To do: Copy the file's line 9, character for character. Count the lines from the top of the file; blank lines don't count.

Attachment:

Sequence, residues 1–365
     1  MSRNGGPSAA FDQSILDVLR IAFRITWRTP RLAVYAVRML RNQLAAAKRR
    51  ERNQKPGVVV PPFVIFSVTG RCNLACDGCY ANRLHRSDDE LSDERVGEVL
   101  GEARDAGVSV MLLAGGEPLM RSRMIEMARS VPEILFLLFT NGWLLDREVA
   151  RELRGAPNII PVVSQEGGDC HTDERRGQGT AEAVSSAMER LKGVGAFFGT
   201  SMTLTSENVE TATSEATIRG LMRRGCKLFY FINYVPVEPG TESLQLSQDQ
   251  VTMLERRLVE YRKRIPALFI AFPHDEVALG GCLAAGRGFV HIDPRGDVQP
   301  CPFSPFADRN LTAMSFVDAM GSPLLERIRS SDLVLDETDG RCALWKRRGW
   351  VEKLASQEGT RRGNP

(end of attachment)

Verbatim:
   351  VEKLASQEGT RRGNP